“What are you doing, Sir?”
You… lay over the table here… and you, lay over there. Hold hands… no, like this. After I tie your ankles to the table legs, and cuff your wrists together, I’m going to belt both of you until you make sweet with each other.”
“Never!”
“Never!”
“Then your butts are going to be battered and welted if you don’t kiss and make up.”
“And if we do so?”
“I’ll churn your pussies into butter and spray my sweet white cream frosting all over your faces.”
“What do you think? Should we cave to his perverted fantasy?”
“I bet you cave first.”
“Never! I can take twice as many strokes as you. I bet you cry first!”
“Never! The loser has to be a slave for a week and do anything asked. Get ready to suck some ass, bitch.”
“Fuck you! And that’s exactly where my strap-on is going to be buried all next week. Up your skinny ass, skank.”
“Bring it on!”
“It’s a deal.”
CRACK! CRACK!
“Harder, Sir! Make her scream!”
CRACK! CRACK!
“What’s the matter, Sir? Too much sugar rotting your muscles? WHIP HER!”
CRACK! CRACK! CRACK! CRACK! CRACK! CRACK! CRACK! CRACK! CRACK!
“I still think he likes you better.”
CRACK! CRACK! CRACK! CRACK! CRACK! CRACK! CRACK! CRACK! CRACK!
“That’s okay. He still thinks we hate each other.”
CRACK! CRACK! CRACK! CRACK! CRACK! CRACK! CRACK! CRACK! CRACK!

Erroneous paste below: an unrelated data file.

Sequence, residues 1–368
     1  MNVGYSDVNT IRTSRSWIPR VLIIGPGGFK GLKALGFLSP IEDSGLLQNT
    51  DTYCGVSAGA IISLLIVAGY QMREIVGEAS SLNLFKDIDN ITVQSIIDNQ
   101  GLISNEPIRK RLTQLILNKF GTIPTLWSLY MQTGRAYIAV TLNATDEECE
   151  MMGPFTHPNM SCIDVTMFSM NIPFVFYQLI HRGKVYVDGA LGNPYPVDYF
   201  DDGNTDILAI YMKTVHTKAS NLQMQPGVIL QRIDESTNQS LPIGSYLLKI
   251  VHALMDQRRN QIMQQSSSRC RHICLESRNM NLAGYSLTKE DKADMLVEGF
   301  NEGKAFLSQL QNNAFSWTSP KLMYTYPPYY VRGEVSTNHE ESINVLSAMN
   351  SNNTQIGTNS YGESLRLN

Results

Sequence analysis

“DAMN! He’s pissed off.”
CRACK! CRACK! CRACK! CRACK! CRACK! CRACK! CRACK! CRACK! CRACK!
“Better than pissed on.”
“Says you.”
“WHAT?”
CRACK! CRACK! CRACK! CRACK! CRACK! CRACK! CRACK! CRACK! CRACK!

Wicked Wednesday... a place to be wickedly sexy or sexily wicked

Living with extreme weather

Weather is what makes Earth inhabitable. Solar rays heat the tropics year-round. As the planet spins at 1,000 miles an hour at the equator, low pressure causes rising moist air to spread out and move north and south. Ocean currents are similar in that they transfer surface heat into the sub-tropical and temperate zones. Dense cold air sinks from the polar regions and is drawn in by pressure differentials to replace the sun churned heated air. Seasons changes through the axial tilt of the planet.

All this simply means that for most people, the places we live are where crops are grown and animals farmed. Cities became possible only when agriculture could replace hunting-gathering as a means of supporting an expanding population. Food and potable water determines the suitability of settlements: technology has made it possible to inhabit nearly every climate zone safely, if not in comfort.

Living in areas that used to be marginal—such as floodplains, ocean-sides etc—is often a choice not a necessity in the developed world. Not so for the poor, who are most often the victims of extreme weather. Lack of zoning and political oversight is often blamed, along with cheap insurance, for allowing people to build structures and live in places that are repeatedly damaged by storms. This is true; however, there is no place safe from extreme weather.

Should everyone evacuate from the coasts? From all islands? Everywhere there is a chance of a blizzard or sub-zero temps? Away from rivers and lakes that flood? What about deserts? We can’t control the weather. We can control how we plan for disasters such as Hurricane Irma.